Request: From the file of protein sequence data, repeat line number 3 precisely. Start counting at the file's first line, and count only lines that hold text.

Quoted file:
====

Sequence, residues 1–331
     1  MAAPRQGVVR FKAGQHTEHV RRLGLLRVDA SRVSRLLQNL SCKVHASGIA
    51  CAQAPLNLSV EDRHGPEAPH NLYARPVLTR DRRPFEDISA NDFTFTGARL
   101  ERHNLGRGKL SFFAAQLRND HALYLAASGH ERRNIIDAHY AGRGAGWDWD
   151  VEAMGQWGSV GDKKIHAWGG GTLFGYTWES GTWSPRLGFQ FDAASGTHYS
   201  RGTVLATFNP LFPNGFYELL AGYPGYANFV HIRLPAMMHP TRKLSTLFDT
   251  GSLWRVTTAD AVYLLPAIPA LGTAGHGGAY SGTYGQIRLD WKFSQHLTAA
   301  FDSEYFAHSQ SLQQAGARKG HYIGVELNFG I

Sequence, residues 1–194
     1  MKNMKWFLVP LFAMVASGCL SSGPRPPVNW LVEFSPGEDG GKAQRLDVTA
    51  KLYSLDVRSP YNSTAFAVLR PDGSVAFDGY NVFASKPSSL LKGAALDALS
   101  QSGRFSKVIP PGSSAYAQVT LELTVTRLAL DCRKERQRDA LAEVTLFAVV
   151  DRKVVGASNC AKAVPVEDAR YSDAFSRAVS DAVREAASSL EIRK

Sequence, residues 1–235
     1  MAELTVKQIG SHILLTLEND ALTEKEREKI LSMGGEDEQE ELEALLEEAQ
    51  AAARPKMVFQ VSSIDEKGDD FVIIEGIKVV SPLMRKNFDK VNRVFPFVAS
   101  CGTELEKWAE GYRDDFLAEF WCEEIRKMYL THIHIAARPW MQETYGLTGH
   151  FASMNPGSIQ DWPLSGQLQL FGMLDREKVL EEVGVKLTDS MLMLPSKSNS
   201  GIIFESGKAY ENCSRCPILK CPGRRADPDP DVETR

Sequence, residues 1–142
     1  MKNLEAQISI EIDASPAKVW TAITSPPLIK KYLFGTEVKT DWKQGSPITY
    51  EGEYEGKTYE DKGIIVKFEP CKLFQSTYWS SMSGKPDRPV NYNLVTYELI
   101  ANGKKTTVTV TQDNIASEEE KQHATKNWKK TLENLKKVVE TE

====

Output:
    51  CAQAPLNLSV EDRHGPEAPH NLYARPVLTR DRRPFEDISA NDFTFTGARL